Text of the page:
4. Oh, girl. We talked about this. I bowed out of a certain year-long Instagram hashtag because while it didn’t exclude me, it was excluding people, and I have to participate in things that are inclusive as much as I can. Do I have blind spots? Oh certainly. And to be human is to be a hypocrite. We can never be 100% anything because we all make contradictory choices. I recycle, but I drive an SUV. I don’t buy RTW, but I have an ipad and an iPhone which have environmentally unsavory elements. I live simply, but I have 4 children… There are always choices. We must do our best. I’ve written extensively on this, and eco-burnout is real.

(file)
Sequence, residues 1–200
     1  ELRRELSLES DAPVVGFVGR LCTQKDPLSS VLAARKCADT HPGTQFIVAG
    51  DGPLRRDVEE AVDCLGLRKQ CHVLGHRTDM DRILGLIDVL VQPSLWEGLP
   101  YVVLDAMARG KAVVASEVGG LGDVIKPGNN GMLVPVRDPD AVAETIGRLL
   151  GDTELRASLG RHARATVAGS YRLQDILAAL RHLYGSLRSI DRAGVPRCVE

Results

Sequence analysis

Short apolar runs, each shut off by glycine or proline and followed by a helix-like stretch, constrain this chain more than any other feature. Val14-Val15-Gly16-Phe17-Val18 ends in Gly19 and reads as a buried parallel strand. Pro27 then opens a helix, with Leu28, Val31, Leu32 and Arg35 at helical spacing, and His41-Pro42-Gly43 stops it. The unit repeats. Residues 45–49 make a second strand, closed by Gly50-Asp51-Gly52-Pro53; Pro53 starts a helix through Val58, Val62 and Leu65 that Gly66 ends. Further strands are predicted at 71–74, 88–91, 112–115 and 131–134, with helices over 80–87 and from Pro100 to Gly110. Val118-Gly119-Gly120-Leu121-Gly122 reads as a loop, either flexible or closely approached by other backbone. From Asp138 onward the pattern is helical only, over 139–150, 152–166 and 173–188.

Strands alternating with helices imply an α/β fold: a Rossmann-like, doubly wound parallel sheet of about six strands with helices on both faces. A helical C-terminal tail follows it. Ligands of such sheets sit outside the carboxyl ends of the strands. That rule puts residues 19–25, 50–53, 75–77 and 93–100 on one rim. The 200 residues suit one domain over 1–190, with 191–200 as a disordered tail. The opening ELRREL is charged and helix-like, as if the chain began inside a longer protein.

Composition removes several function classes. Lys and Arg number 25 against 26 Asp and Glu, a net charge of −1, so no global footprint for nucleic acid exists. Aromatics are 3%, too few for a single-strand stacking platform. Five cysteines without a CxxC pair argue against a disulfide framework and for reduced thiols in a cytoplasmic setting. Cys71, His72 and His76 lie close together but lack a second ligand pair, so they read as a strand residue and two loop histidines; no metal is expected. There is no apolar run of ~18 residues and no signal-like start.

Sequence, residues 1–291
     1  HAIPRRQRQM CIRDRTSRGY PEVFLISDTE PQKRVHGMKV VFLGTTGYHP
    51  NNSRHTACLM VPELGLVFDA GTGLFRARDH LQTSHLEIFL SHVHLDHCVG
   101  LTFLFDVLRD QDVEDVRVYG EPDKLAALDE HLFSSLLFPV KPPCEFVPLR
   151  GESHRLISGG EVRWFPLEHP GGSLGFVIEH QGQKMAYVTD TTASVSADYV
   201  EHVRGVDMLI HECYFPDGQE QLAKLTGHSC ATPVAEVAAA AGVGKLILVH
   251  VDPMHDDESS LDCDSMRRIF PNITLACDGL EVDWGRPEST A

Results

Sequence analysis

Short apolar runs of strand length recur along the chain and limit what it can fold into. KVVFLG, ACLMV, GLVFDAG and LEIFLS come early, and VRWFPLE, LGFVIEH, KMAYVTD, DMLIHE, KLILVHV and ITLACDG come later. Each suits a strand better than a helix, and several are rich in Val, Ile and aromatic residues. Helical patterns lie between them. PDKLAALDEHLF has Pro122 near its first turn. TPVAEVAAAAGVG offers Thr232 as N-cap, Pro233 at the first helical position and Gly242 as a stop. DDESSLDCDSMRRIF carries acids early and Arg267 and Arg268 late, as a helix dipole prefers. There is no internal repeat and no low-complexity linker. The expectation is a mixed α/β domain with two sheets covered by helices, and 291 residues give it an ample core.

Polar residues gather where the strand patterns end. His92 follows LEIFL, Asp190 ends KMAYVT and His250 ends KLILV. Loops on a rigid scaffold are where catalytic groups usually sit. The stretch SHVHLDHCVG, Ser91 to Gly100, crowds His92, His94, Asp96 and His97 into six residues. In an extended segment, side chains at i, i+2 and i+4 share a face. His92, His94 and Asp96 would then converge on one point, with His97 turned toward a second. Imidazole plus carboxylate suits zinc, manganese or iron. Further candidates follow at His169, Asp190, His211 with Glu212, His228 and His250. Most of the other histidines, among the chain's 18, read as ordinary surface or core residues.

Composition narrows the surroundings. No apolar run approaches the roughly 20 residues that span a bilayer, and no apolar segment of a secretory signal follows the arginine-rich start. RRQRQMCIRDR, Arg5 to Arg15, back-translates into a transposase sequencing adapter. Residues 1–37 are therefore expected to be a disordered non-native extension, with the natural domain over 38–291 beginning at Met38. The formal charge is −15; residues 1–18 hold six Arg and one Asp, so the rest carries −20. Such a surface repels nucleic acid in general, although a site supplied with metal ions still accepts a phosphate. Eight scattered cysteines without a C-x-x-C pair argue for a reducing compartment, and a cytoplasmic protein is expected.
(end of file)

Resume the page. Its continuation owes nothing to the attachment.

One thing that has really PO’d me of late is controlling a narrative that is not yours. I’m not going to write on miscarriage because I’ve never miscarried. While I may be supportive, I’m not going to write on being plus-sized because I’m not plus-sized. I can write on motherhood, suicide, being a survivor of abuse, substance abuse…because I have lived those. Controlling a narrative that is not your own is selfish and rude AF. I’m looking at a certain “omg, cosplay is SO WEIRD I don’t get it hahaha” post. I can write on cosplay as I design and engineer my daughter’s cosplay. If you are truly caring and want to know about something, a subculture, a lifestyle, a preference, you go to them, not sit in your ivory tower and laugh. You don’t get to control someone else’s narrative. /rant

    1. Obviously I’m still sore. Lol